The Romney camp released a web ad featuring Jack Gilchrist last Thursday after Obama had said a week earlier that “if you were successful, you didn’t get there on your own” and added, “If you were successful, somebody along the line gave you some help.”

Finally, even Glenn Kessler of The Washington Post, who has previously taken the Romney line even when his own newspaper showed that he was wrong, has finally done some fact checking on this Romney lie:

The biggest problem with Romney’s ad is that it leaves out just enough chunks of Obama’s words — such as a reference to “roads and bridges”— so that it sounds like Obama is attacking individual initiative. The ad deceivingly cuts away from Obama speaking in order to make it seem as if the sentences follow one another, when in fact eight sentences are snipped away.

Suddenly, the word “that” appears as if it is referring to a business, rather than (apparently) to roads and bridges…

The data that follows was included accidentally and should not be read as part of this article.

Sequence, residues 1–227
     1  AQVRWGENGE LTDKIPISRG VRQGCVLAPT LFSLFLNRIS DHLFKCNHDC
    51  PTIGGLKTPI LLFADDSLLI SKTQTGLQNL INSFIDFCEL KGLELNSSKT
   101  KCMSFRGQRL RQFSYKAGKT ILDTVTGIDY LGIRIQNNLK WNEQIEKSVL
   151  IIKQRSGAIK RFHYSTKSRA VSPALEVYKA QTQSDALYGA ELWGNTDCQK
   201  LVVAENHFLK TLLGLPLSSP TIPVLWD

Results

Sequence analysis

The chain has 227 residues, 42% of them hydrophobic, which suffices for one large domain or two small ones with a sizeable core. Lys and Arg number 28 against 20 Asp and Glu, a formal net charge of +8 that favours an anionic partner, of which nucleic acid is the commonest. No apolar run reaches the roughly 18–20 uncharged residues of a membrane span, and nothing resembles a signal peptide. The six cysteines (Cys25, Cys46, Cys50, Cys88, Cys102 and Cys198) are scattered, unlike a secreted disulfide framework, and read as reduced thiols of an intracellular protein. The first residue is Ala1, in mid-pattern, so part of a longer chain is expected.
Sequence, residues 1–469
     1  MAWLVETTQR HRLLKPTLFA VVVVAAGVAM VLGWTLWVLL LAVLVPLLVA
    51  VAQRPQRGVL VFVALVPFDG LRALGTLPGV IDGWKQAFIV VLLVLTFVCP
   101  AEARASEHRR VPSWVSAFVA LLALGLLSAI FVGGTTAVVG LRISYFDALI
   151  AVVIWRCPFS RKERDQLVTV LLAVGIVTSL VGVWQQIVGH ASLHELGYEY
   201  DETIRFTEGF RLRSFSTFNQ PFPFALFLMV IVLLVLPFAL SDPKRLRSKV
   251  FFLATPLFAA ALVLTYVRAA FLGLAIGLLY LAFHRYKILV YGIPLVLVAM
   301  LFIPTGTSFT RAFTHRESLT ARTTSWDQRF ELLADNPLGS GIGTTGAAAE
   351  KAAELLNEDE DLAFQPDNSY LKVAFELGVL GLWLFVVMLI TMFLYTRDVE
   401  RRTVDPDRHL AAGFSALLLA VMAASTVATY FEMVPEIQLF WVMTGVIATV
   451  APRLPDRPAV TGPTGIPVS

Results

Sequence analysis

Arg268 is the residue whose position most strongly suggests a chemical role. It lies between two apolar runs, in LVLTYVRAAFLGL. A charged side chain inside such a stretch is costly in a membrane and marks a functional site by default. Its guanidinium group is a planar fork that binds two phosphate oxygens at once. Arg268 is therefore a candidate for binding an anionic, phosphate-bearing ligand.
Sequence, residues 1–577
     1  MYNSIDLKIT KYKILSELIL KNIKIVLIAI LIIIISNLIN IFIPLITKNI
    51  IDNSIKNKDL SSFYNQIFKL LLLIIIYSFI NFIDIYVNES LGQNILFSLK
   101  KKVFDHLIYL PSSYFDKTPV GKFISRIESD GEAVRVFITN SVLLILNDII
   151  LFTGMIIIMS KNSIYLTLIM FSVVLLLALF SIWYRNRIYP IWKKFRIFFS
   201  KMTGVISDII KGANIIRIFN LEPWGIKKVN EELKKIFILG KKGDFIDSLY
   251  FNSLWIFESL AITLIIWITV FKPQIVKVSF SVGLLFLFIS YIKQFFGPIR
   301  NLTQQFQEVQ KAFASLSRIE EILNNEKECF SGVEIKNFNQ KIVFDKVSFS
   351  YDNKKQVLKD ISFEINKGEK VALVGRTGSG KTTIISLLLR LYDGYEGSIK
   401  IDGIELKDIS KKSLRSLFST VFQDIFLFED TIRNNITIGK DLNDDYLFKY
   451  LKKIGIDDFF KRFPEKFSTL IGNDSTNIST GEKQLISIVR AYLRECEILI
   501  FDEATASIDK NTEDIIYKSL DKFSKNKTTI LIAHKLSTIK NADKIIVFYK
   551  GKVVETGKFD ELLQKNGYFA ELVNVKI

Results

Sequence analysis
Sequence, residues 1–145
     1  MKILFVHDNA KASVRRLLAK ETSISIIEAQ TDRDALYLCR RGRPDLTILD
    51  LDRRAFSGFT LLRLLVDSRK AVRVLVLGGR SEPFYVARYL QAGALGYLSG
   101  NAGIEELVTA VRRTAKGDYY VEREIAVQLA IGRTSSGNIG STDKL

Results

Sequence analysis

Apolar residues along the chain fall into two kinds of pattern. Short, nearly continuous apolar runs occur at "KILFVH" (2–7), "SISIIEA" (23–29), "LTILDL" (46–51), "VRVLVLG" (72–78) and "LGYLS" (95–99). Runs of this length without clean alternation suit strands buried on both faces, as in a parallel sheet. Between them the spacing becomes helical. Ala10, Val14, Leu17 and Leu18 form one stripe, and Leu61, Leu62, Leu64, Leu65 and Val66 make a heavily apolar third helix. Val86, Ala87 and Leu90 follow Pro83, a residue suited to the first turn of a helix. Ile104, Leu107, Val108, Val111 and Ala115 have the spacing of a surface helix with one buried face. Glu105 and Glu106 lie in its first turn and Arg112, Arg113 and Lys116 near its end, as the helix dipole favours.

Romney, however, descends into silly season when he extrapolates Obama’s quote and says that means Obama believes Steve Jobs did not build Apple Computers.

Here’s what Obama said when Jobs passed away earlier this year: “By building one of the planet’s most successful companies from his garage, he exemplified the spirit of American ingenuity. By making computers personal and putting the Internet in our pockets, he made the information revolution not only accessible, but intuitive and fun.”

That sounds like Obama believes that Jobs really did build his company. He did not mention the roads to Cupertino.